As I considered the possible devastation a lawsuit could have on our church, the sentence above came to me. Was this a Scripture? I went to my concordance and found it. The context was a warning to King Ahaz who had two armies mounted against him which had caused his heart to be “shaken as trees of the field are shaken by the wind.” (Isaiah 7:2) The same Holy Spirit who was warning him many years ago was now warning me.

It was game time. I talked about trusting God all the time, I’m a preacher after all, but now it was time to actually believe like a Christian should. God didn’t tell me how the lawsuit would end, He just warned me that if I gave into the fear speaking to me, it would not go well.

A believer’s main job is to believe. Are you facing something right now that is filling you with fear? This is not the time to abandon your faith; it’s time to practice it. Tell God you trust Him, speak to the mountain you’re facing, and live in the freedom Christ paid for even while the circumstances are unchanged.

That’s what I did. Months later I received an email that said the lawsuit was dropped, but the greater miracle was that it wasn’t even that big of a relief. I had found rest in God and knew it would be okay, whatever happened.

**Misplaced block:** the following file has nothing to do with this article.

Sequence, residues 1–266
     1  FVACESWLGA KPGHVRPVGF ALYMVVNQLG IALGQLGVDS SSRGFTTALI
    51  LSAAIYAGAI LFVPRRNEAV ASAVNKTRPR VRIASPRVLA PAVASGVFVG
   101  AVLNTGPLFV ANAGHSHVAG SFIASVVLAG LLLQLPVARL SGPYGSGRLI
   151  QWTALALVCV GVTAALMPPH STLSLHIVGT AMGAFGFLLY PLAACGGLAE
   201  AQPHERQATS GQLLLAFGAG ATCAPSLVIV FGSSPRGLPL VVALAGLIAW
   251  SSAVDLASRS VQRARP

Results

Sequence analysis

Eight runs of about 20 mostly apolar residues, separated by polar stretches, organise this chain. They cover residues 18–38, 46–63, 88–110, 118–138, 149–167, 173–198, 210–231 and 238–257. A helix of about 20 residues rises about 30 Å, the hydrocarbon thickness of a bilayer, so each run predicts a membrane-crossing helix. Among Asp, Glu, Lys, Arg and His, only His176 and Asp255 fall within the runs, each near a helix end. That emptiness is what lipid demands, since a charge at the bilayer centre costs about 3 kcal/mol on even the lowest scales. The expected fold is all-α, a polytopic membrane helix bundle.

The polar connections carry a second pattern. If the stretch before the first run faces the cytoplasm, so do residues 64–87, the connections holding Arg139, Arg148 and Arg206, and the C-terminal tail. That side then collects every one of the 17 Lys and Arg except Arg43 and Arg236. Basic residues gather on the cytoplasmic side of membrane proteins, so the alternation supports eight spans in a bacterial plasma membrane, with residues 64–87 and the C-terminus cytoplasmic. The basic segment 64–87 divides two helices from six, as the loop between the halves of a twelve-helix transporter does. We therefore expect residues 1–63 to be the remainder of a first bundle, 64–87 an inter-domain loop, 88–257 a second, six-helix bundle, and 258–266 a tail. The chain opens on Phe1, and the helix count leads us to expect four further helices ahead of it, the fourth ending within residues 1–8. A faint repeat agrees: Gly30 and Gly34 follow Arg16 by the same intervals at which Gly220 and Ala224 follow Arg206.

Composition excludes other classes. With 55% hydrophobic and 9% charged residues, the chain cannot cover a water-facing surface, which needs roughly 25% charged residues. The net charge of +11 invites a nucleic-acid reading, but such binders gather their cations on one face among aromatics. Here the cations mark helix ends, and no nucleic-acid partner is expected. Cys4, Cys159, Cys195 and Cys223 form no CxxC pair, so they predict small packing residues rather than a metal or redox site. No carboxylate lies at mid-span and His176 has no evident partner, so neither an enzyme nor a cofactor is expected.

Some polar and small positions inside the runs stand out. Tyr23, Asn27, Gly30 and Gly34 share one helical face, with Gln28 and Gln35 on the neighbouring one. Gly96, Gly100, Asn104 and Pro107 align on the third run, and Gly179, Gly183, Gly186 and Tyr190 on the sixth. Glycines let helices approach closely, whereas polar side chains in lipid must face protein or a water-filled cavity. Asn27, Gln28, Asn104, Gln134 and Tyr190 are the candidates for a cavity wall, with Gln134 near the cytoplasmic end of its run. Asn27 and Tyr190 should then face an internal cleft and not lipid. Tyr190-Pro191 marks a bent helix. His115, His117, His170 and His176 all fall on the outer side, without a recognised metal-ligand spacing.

Why not give God your fears today and claim Psalm 34:4 for your life, “I sought the Lord, and He answered me, and delivered me from all my fears.”

Posted in 2Corinthians, Isaiah

Glowing in the Dark

“But we all, with unveiled face, beholding as in a mirror the glory of the Lord, are being transformed into the same image from glory to glory, just as from the Lord, the Spirit.” 2Corinthians 3:18

My little brother, Jimmy, and I (8 and 10 at the time) were so excited about the Glo-Balls someone gave us that we immediately scampered into our downstairs closet after freeing them from the package. What a horrible disappointment! These balls didn’t glow – alright, maybe a little – but certainly not what was promised on the box.

Apparently our disappointment was obvious because we were quickly informed that we had missed a step in the process. First, you have to hold balls near a light source because the balls weren’t lights themselves; they only had the capacity to absorb light. We kind of resented an additional step, but I remember holding that ball close to a light bulb willing it to absorb. The second time in the closet was thrilling! Now the balls were brilliant and really did appear like lights in the darkness.